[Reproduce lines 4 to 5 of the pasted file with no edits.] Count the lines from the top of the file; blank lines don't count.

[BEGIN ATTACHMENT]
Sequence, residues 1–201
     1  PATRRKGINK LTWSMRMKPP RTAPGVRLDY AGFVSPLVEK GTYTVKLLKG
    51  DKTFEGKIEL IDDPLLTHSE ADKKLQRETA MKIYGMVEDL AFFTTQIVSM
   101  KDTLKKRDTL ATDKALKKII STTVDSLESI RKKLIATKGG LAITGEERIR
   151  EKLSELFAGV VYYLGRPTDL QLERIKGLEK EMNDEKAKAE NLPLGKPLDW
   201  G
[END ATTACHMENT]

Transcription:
   101  KDTLKKRDTL ATDKALKKII STTVDSLESI RKKLIATKGG LAITGEERIR
   151  EKLSELFAGV VYYLGRPTDL QLERIKGLEK EMNDEKAKAE NLPLGKPLDW